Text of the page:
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What the emergency care plan should solve

by Kirsty Kirsty

Max Parmentier, Co-founder and CEO of birdie

The NHS is facing the greatest crisis in its history. It’s no secret that the organisation is crying out for effective solutions for urgent, emergency and elective care. To add to this pressure, this healthcare crisis and the parallel social care crisis are intrinsically linked.

The slightest spikes in demand on either side – spikes which are increasingly common – cause knock-on effects for A&E, medical providers, care providers and ultimately the whole population.

The Prime Minister’s emergency care plan to build 5,000 more hospital beds, bring 800 new ambulances and expand community care (backed by a dedicated fund of £1bn) is a welcomed first step in tackling the above. However, I’m most excited to see that the government recognises that one of the most effective solutions is to shift healthcare to the home of the patients – with 3,000 “hospital at home” beds to be created before next winter, and the aim of about 50,000 people a month eventually being cared for at home each month.

This important part of the emergency care plan puts a spotlight on the clear integration of the various branches of our healthcare system. Most excitingly, it allows us to leverage the extraordinary effectiveness of care at home – something we have been advocating for for several years.

Yet, there is still a need for more clarity on the propositions to bolster community care in general. At birdie, we believe the following should be prioritised, for genuinely impactful outcomes:

Hospital discharge must be accelerated

One out of seven hospital beds is occupied by someone who could have been discharged. This costs the NHS anything from £350 to £1000 per day. It is also a vicious cycle for patient recovery – as long hospital stays for older adults can lead to up to 10% muscle strength loss, hindering independent living and increasing likelihood of readmission.

While Discharge to Assess (D2A) programmes have been around for a long time, they have lacked leadership, funding and urgency. Proper governance and action is needed to make these the effective, supportive flow they should be.

Furthermore, hospitals must work with social care to leverage local community care capacity when available. Too often these providers are not involved in the conversation, or a lack of visibility in the capacity they have delays the discharge.

Open up virtual wards to more conditions

“Virtual wards” were originally set up for specific conditions, with a nurse checking in ‘virtually’ (online or over the phone) with patients. While this has already demonstrated significant benefits, this original set up is too limited in the conditions it covers, and adoption is hindered because patients are required to take their own bio markers, such as heart rate and blood pressure.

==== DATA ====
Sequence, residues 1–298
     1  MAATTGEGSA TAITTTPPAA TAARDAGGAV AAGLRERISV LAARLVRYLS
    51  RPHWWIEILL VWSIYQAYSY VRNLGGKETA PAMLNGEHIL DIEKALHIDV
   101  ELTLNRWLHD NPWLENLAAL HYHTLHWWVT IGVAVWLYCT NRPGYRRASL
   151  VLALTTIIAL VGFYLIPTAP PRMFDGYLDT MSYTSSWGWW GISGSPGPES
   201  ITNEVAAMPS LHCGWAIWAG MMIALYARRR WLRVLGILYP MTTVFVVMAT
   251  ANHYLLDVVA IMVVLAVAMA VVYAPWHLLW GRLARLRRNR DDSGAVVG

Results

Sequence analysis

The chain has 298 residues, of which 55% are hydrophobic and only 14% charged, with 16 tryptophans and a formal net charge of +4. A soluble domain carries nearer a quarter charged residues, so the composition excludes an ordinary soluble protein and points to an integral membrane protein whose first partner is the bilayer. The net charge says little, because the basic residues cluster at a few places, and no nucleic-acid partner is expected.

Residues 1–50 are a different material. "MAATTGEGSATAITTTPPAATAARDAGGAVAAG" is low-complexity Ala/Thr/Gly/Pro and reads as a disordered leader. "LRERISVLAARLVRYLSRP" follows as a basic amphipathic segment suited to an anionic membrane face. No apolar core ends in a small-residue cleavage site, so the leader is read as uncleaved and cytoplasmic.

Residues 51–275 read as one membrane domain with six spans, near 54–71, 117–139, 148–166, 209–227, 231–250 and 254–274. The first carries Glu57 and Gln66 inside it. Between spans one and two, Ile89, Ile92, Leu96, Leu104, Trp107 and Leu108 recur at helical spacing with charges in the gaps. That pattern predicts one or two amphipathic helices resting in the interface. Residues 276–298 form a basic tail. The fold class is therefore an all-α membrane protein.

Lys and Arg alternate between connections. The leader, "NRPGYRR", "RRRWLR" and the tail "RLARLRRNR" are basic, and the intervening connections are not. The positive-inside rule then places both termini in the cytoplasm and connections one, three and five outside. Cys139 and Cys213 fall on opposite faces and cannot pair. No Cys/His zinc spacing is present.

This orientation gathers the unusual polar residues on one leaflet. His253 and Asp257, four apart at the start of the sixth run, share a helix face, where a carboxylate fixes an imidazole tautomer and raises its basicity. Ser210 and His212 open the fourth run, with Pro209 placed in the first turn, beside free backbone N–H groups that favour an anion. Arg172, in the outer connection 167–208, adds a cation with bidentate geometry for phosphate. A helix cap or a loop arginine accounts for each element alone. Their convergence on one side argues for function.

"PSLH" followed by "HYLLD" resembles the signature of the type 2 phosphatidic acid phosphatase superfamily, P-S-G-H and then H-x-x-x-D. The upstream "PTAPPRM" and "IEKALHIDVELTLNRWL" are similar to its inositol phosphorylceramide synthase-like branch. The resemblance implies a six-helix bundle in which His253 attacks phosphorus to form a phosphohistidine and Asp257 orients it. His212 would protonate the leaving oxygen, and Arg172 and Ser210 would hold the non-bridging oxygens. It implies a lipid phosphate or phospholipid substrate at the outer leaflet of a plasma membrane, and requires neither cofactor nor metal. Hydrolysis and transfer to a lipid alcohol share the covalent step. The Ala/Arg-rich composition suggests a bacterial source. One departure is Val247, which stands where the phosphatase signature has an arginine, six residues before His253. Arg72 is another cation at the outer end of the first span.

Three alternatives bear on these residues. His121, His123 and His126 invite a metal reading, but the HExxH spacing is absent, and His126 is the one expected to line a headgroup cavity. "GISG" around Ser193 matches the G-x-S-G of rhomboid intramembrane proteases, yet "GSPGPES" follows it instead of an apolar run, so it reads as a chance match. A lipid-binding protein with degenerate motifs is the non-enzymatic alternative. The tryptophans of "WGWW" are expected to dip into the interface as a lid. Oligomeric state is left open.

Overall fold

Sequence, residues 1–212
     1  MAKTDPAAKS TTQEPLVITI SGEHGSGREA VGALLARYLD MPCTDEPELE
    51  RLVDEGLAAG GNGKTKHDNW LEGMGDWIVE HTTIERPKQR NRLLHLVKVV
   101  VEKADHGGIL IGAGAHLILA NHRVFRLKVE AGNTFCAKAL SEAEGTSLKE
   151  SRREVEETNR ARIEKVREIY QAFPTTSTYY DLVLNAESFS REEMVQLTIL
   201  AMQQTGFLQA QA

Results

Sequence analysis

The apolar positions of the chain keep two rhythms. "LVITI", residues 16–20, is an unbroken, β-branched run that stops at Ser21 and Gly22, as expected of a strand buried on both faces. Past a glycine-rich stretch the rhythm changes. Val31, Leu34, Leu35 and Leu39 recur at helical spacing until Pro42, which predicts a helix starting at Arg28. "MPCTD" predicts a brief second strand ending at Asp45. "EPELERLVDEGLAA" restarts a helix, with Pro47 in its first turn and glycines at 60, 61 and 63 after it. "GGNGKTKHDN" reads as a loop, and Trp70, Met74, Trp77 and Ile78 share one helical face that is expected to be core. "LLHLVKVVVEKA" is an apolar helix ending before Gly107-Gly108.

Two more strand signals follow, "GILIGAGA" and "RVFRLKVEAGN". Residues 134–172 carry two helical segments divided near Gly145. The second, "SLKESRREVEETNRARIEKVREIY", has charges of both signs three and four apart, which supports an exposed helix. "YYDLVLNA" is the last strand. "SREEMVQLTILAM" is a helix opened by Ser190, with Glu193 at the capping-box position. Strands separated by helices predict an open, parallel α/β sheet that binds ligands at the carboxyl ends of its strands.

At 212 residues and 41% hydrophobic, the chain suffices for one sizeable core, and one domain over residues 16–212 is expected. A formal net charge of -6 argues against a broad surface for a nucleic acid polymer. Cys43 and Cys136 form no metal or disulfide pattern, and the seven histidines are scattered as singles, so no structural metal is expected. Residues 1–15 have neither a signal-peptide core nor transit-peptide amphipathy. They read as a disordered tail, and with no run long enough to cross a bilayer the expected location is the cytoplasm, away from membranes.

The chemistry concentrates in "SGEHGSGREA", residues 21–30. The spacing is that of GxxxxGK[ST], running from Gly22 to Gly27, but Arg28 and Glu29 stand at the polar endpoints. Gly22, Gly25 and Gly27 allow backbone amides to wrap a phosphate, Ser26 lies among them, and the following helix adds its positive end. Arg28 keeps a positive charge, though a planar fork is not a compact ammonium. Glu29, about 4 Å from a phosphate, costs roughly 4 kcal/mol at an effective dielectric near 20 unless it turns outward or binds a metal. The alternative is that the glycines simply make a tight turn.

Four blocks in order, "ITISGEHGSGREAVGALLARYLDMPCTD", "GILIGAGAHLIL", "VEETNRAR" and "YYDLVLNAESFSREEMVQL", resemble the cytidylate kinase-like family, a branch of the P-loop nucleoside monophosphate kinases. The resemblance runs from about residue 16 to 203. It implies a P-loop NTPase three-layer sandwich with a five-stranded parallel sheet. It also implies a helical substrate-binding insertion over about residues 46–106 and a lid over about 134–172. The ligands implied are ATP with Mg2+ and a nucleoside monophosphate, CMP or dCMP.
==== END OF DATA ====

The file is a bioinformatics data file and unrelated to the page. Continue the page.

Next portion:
To unlock significant capacity in hospitals, we need to utilise an integrated care system to widen the number of conditions treated via virtual wards. We should also be more flexible in the care delivery model. At birdie, we have seen numerous domiciliary care providers training their staff to provide complex care – this is a fantastic demonstration of how we can effectively increase the capacity of virtual wards.

We encourage Integrated Care Systems (ICSs) to collaborate with domiciliary care providers to offer a full “hospital at home” experience, with qualified staff in the community delivering outstanding in-person care.

Be serious about hospital prevention

While the government has announced measures to bolster hospital avoidance measures, the pilots to address this, for instance avoiding falls, have been too sporadic and disjointed. Currently 70% of A&E beds are occupied by older adults – 40% of which should have been avoided if early signs of deterioration had been detected earlier.

Essentially, none of the potentially impactful prevention initiatives have been rolled-out further because of a lack of incentives and support at a government level. The NHS should be spearheading these initiatives at the Transformation Directorate, producing academic evidence and implementing the relevant funding incentives for ICS and other local bodies to roll them out.

Foster data-exchange

Health and social care data is still too siloed to be effectively used by ICS or other bodies to manage the population’s health, both on prevention and discharge. To truly make a change that will benefit the whole population, there needs to be an acceleration in sharing and standardising data across health and social care on top of the frameworks already implemented.

At birdie, we believe that the UK is uniquely positioned to become a leader in preventative, personalised healthcare at home. This would significantly improve the healthy life expectancy, free up capacity in primary and secondary care and drive healthcare costs over the medium term.

While we command the recent funding announcement, we urge the government to implement these measures in a timely fashion.

Image depicts Max Parmentier, Co-founder and CEO of birdie

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